Any time you put a piece of creative work out into the world you open yourself up to feedback from others. Feedback of all kinds. Today we take a look at several different types of feedback and how best to respond to the good, the bad, and the downright mean.
Let’s take a look at Arthur Christmas and see what we can learn from this unique and clever film – from clear action sequences and tight story structure, to small acting details that took this film above and beyond our initial expectations.
To conclude his wonderful series on Animation Physics, professor Alejandro Garcia takes a look at one of the most known principles in physics: Action-Reaction. This article clears up some common misconceptions and helps you to add some punch to your animation (one that creates a proper reaction that is).
This is a recording of our first animation Q&A live stream from November 3rd 2016. We talk about thumbnailing, golden poses, raising the quality level and speed when animating and try to grasp the magic of appeal. Thanks again so much to all the wonderful people who joined us!
Contrast can improve many aspect of your art and animation: Your posing, your timing, your staging – even your storytelling. Find out how you can unleash the power of contrast.
Okay guys, so our last FMX 2016 article covered some specific tips to consider when creating characters for your films. Now we’re going to look at some general story creation advice that you should keep in mind from conception to final product. Ready? Here comes some more lightning quick tips expanded on from advice given by FMX speaker Christopher Lockhart in his lecture Could Your Story be a Movie?:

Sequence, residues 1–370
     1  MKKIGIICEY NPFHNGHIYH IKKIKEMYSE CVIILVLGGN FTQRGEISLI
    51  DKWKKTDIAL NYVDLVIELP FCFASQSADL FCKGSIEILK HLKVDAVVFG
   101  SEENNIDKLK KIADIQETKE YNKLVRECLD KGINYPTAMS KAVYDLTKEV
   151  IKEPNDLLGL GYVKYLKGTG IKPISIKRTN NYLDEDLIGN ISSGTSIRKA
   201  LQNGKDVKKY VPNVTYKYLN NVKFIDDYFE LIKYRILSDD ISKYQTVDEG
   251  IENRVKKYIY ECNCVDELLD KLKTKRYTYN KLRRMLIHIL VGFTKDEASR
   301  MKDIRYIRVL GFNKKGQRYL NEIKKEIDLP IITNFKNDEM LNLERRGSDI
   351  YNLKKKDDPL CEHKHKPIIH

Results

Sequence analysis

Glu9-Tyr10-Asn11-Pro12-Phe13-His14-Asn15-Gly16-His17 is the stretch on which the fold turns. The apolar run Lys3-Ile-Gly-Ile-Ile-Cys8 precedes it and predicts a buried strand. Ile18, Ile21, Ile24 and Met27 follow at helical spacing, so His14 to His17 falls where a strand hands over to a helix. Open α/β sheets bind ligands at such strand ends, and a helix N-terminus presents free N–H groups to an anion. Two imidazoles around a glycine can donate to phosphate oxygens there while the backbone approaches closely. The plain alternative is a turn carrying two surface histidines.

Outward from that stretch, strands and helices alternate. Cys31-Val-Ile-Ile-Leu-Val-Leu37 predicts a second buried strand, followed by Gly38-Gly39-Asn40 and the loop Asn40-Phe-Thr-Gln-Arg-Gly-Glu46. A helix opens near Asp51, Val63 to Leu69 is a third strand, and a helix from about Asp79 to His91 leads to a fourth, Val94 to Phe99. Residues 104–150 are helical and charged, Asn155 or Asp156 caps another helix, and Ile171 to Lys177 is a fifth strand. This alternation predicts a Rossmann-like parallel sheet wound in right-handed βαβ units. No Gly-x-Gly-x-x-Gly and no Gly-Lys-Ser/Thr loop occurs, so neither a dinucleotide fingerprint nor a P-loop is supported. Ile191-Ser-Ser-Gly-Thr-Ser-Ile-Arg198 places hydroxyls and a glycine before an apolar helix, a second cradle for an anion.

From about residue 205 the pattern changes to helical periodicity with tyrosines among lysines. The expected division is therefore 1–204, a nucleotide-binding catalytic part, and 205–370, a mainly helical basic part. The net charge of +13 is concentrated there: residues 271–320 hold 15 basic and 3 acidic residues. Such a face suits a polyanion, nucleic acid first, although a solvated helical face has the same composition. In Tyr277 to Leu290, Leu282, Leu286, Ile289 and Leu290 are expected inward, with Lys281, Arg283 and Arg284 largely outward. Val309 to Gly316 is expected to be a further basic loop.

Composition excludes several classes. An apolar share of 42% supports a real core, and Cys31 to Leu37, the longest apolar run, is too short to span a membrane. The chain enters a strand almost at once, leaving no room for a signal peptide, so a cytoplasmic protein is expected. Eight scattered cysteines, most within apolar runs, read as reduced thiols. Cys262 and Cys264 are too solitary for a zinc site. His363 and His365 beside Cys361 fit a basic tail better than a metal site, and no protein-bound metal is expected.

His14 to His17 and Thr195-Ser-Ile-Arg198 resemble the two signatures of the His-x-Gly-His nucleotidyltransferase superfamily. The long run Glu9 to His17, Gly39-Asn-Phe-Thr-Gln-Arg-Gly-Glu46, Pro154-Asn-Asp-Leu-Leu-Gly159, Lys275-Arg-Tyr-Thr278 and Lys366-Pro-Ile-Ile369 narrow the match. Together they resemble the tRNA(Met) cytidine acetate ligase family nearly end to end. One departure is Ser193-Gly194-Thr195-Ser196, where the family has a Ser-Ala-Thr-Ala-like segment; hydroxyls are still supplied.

Did you know that moving with or against gravity actually causes weight gain and loss? It’s time for another Principle of Animation Physics defined by Professor Alejandro Garcia.
Breakdown poses are the animator’s most important tool to define motion. Find out how you can use them to control acceleration, arcs, as well as overlapping and follow through action.
Last time in the FMX 2016 lecture series we discussed four story elements that help define your protagonist. For the next two articles, we’ll be focusing on a few things to keep in mind as you begin creating your story and your characters. The advice in this article is summarized and expanded upon from the FMX lectures given by USTAR Professor Craig Caldwell in his master class on story, and from speaker Christopher Lockhart (story editor at WME) in his lecture on cinematic stories. So, let’s get right into it with these quick and inspiring expert tips!